This saw the kids rolling around in feigned agony, much like the Paris Saint-Germain forward has been known to do. The Brazilian star had exited the 2018 World Cup the night before as his side were beaten 2-1 by Belgium in the quarter-finals. Mexican soccer fans took delight in the result, with their team having been eliminated from the tournament by Brazil on July 2.

This is awesome. The kid in the black shirt who’s far in front has clearly been practicing. Give that man a Brazil jersey, immediately!

A fantastic final few days of Wimbledon, as Djokovic and Kerber re-ascend (but that 26-24 fifth set was obscene). The inside story of the amazing Thai cave rescue. And in honor of Putin-Trump meeting, two great U.S.-U.S.S.R. clips

Every year, on the Sunday night after Wimbledon ends, I feel a little sad. Because two glorious weeks of tennis are over, on the most hallowed grounds of the sport, and it won’t come around for another year. (Though having the U.S. Open be only six weeks away does make me feel a little better).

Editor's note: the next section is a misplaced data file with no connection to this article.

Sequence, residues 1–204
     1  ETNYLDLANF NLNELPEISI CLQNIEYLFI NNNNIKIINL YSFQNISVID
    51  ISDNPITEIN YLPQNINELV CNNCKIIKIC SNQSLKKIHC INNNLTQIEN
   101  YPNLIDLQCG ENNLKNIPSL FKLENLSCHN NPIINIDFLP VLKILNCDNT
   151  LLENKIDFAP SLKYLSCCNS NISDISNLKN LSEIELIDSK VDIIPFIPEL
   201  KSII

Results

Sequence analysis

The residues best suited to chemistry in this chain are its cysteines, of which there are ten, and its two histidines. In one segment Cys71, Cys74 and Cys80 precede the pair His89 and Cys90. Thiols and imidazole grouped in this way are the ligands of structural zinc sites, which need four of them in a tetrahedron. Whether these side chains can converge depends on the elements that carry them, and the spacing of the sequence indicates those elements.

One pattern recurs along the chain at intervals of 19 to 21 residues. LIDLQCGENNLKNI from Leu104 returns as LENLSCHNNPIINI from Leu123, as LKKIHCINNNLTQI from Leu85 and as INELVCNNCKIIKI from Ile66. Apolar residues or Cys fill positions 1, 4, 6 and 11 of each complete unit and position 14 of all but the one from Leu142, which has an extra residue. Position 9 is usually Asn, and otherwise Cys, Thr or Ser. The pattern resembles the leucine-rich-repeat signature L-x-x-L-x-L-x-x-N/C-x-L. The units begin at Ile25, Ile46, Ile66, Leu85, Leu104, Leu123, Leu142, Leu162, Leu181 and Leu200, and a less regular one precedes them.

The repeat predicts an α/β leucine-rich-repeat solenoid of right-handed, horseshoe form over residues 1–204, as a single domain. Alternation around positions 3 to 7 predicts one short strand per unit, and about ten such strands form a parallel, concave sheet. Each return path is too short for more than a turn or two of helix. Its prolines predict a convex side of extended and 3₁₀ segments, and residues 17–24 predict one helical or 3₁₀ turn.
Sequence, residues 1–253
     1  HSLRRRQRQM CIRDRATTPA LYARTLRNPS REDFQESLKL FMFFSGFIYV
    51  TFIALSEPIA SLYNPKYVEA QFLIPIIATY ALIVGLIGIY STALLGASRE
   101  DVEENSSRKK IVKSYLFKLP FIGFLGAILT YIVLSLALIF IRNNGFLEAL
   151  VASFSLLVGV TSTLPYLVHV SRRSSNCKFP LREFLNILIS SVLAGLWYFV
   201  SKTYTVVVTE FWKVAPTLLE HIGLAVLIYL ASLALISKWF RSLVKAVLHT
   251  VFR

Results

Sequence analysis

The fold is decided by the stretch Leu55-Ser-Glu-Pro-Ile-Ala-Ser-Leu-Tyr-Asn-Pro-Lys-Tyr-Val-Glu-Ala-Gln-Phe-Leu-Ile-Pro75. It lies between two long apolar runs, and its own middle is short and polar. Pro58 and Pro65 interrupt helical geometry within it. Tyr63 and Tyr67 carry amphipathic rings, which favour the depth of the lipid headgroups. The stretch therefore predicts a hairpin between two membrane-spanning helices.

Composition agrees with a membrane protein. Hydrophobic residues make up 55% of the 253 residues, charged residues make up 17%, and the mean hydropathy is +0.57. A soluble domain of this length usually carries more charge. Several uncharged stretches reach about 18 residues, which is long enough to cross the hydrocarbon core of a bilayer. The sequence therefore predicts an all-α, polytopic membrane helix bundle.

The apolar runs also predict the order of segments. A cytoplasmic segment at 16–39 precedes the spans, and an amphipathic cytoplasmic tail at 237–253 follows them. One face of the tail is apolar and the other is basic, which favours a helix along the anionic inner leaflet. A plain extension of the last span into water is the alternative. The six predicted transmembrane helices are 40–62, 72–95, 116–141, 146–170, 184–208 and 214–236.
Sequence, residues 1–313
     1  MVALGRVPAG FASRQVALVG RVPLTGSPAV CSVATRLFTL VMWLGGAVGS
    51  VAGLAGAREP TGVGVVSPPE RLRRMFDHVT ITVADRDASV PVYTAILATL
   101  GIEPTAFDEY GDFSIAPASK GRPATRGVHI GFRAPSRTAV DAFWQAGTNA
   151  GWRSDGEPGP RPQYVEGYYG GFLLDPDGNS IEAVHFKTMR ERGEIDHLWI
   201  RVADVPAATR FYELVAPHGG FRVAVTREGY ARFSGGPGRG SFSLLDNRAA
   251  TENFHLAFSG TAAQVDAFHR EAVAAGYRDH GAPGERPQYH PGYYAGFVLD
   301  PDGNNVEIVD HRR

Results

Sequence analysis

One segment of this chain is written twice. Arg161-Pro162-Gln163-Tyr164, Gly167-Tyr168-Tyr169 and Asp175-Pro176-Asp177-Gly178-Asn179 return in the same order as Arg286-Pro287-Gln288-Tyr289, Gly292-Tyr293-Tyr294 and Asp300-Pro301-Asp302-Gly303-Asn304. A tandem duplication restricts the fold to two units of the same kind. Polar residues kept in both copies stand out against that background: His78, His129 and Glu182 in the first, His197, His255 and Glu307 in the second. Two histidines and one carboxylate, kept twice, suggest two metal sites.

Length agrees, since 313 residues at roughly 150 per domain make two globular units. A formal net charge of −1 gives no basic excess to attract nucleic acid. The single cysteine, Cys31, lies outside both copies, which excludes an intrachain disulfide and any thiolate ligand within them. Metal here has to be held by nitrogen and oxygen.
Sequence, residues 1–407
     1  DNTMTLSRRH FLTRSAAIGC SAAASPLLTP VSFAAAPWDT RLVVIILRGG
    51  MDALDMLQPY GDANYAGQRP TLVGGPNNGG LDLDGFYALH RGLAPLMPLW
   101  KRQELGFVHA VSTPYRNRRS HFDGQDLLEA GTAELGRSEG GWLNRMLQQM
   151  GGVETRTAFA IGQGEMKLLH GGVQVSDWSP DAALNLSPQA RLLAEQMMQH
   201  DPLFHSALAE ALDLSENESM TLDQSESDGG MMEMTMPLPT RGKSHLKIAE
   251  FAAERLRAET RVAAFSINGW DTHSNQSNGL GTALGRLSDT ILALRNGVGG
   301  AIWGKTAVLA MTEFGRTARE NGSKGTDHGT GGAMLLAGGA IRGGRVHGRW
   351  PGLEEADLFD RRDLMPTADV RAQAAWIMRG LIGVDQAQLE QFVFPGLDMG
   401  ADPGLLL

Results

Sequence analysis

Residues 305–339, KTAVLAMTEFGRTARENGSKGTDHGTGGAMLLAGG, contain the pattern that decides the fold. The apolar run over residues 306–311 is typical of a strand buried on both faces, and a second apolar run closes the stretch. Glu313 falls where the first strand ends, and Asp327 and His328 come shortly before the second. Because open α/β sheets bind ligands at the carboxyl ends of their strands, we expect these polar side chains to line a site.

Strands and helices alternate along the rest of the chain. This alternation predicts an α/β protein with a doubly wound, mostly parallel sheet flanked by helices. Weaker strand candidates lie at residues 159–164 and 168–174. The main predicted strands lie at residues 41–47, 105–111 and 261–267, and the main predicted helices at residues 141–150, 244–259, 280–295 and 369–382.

But tonight I’m feeling fired up about tennis because of the return of Novak Djokovic, long my second favorite player (behind some guy with the initials RF). Djokovic is hardly beloved among fans, and I can see why some find him irritating (his exhortations, his snippiness with crowds, his constant ball-bouncing before a serve).

But I love the guy, because I think he’s genuine, always gives credit to his opponents, and because in this age of Federer and Nadal, two of the five greatest players ever, he’s found a way to thrive and become a legend himself.